Different methods of investigation include:
Correlation Statistical technique - measures strength of relationship between variables.
Experiment An independent variable is manipulated while others controlled, to see effects on a dependent variable.
Interview Used to gain in-depth information and individual views.
Naturalistic observation Watching behaviour, as it occurs spontaneously, in a natural setting.
Questionnaire survey A snapshot of large number of people's attitudes, opinions or behaviour.
Correlation is a statistical technique used to quantify the strength of relationship between two variables.
Used a lot in psychology investigations, for example Murstein (1972) carried out a correlation analysis of ratings of attractiveness in partners ('computer dance' study).
Strengths and weaknesses of correlation
Strengths: Weaknesses Calculating the strength of a relationship between variables. Cannot assume cause and effect, strong correlation between variables may be misleading. Useful as a pointer for further, more detailed research. Lack of correlation may not mean there is no relationship, it could be non-linear.
Independent variable (IV): Variable the experimenter manipulates - assumed to have a direct effect on the dependent variable.
Dependent variable (DV): Variable the experimenter measures, after making changes to the IV which are assumed to affect the DV.
Extraneous variables (Ex Vs): Other variables, apart from the IV, that might affect the DV. They might be important enough to provide alternative explanations for the effects, for example, confounding variables.
Laboratory experiment: Artificial environment with tight controls over variables.
Field experiment: Natural environment with independent variable manipulated by researchers.
Natural experiment: Natural changes in independent variable are used - it is not manipulated.
Interviews are face-to-face conversations, these can be unstructured, apparently informal chats, or they can be formal, structured interviews with pre-determined questions. For example, clinical tests used in psychiatry.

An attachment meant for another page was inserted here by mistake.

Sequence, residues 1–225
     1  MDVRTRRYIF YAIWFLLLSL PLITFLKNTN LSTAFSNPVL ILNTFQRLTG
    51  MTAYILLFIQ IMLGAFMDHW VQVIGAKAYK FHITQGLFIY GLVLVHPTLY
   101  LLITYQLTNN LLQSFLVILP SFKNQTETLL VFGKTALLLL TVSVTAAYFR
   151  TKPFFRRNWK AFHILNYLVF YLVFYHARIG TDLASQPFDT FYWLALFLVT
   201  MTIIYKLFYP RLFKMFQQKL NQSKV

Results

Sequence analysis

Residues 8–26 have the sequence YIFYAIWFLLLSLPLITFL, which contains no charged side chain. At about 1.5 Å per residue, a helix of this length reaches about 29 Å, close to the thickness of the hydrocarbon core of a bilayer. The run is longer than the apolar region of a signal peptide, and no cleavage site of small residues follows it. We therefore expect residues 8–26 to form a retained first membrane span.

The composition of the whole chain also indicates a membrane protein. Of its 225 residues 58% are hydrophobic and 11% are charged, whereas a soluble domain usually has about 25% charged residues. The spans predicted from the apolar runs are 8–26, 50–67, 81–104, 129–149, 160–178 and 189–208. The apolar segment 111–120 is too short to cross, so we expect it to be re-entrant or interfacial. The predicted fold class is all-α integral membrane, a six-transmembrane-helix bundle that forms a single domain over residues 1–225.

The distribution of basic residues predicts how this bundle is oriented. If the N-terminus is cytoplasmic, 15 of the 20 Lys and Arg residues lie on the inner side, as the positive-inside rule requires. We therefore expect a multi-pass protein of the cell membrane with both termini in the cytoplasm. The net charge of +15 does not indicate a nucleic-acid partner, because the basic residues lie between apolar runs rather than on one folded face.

Interviews are recorded for later, in-depth analysis.
Strengths: Weaknesses: Detailed information can be obtained and avoids oversimplifying complex issues. Difficult to analyse if unstructured and qualitative in nature. Greater attention to individual's point of view this is important in clinical psychology. Time-consuming, expensive. Unstructured, casual interviews may encourage openness in answers. Possible interviewer effects. For example, people affected by attractiveness of interviewer!
Watching the behaviour of humans or animals in a natural environment.
The researcher does not manipulate variables and does not interfere with things - they try to remain inconspicuous.
Strengths: Weaknesses: More natural behaviour occurs if people are unaware of observation. Observer may affect behaviour if detected. Studying of animals that cannot be observed in captivity. Difficult to replicate - cannot control extraneous variables. Study of situations that cannot be artificially set up. Need for more than one observer.
When designing a questionnaire, there are several ways you can approach the study:
Use closed questions (fixed choice of answers), to generate data for easy analysis.
Use open questions (space to write any answer) for more detailed individual answers.
Keep questions and instructions clear and easy to understand.
Ask purposeful questions to help find information needed for the study.
Pre-code closed questions for quick analysis of the answers.
Carry out a pilot study first, a test run, making changes if needed.
Use attitude scales to test strength of feeling.